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What ‘Oppenheimer’ Tells Us About Tomorrow

Man trying to play God is nothing new, whether it’s atomic bombs or artificial intelligence
July 27th, 2023

By Jim Towey

Well, summer means movies, and I saw a great one this week.  It wasn’t Barbie.  As a bald man I always resented Ken’s full head of hair.  No, I saw Oppenheimer, a hair-raising tale about what happens when a genie gets out of the bottle and won’t go back in.

The atomic age that J. Robert Oppenheimer conceived and President Harry S. Truman launched has changed the world irrevocably.  As writer E.B. White wrote ten days after the Nagasaki attack, “people all over the world were soon to be adjusting themselves to their new environment.  For the first time in our lives, we can feel the disturbing vibrations of complete human readjustment.”

White was right.  The world changed forever.  Today nine countries possess nuclear weapons and Iran seeks to make it an even 10.  There are about 10,000 nuclear warheads in existence, with Russia and the U.S. possessing the great majority of them.  Even though global stockpiles have diminished from their peak in the mid-1980’s, the lethality of the remaining weapons has grown astronomically.  American nuclear bombs today pack a punch that is 30 times more punishing than the bomb used at Hiroshima.  Russia’s intercontinental ballistic missile can deliver 800 kilotons of damage, more than 50 times the “Little Boy” bomb that killed about 110,000 Japanese civilians and soldiers on August 6, 1945.

Controlling the genie

Because Hiroshima and Nagasaki demonstrated that the end of civilization might come with the press of a button, governments have sought through treaties and arms agreements to contain the spread of nuclear weapons and prohibit their use.  But the weapons remain and the age of anxiety continues.  Hitler surely would have used them had he had them, and Vladimir Putin threatens to use them now in Ukraine.

Oppenheimer rationalized that the bomb would ultimately save lives because of the likely carnage that a full-scale invasion of Japan would have entailed.  But after the war, he told President Harry Truman that he felt he had blood on his hands.  Truman reportedly called Oppenheimer a “crybaby.”  The arms race was already in full stride.  As Oppenheimer knew, our scientific breakthrough would soon be within Russia’s capabilities, and our efforts to “improve” weapons of mass destruction would only fuel theirs.

The parallels of the birth of the atomic age and the world-changing development and deployment of artificial intelligence are inescapable.  The movie depicts elite scientists working in total secrecy in Los Alamos, New Mexico, unveiling their finished product without public discussion or input.  This secrecy was justified because the atom bomb was intended to end a world war, and it did.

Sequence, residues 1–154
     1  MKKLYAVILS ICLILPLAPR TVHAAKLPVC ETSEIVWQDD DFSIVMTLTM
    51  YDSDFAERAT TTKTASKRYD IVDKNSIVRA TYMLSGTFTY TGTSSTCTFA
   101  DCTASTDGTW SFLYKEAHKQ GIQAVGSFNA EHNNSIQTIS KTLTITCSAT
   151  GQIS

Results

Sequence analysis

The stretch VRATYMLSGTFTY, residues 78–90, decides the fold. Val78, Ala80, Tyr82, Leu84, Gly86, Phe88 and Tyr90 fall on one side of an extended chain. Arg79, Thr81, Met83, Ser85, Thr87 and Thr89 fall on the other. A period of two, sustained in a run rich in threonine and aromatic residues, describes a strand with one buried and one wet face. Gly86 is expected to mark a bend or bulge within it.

What are they hiding?

But why the secrecy and hastiness with AI?  Why no public discussion?  AI is being sold to the public as helpful, friendly, and inevitable, its abuse notwithstanding (and wait until the military application of AI rears its ugly head somewhere).  Promises that jobs won’t be lost are repeated as if the public is ignorant.  Of course AI will be a net loser for workers!  Read the Wall Street Journal article on the current piloting of chatbots at hundreds of fast-food restaurant drive-throughs.  Those who believe such applications of AI in the marketplace won’t lead to massive idleness of workers are as naïve as those in 1945 who thought the A-bomb was a cause of celebration, not concern.

And just as scientists in Oppenheimer’s time belatedly tried to petition the White House not to develop further atomic weaponry, tech pioneers like Elon Musk and Sam Altman have petitioned AI developers to halt further use of generative AI until ethical guardrails and enforcement mechanisms can be put in place.  Both petitions were ignored.  The Biden White House is leaving AI pioneers to voluntarily self-regulate, instituting no enforcement mechanisms.  Meanwhile, Microsoft, Google and other Big Tech money-makers are ramping up their AI efforts, full speed ahead.

Man playing God

As White prophetically wrote, “Today is not so much the fact of the end of a war which engages us.  It is the limitless power of the victor.”  He then summarized, “The quest for a substitute for God ended suddenly.  The substitute turned up.  And who do you suppose it was?  It was man himself, stealing God’s stuff.”

The AI labs power on unnoticed, in the shadows, because, as was pointed out in the movie, “all power stays in the shadows.”  The AI genie is not going back in the bottle.  The “disturbing vibrations of complete human adjustment” are subtly, slowly, inexorably being felt.  Try getting a human on a customer service line!

The mushroom cloud of Oppenheimer’s time and the iClouds of ours remind us of what can happen when you steal God’s stuff.

Unlike Barbie, it isn’t pretty.


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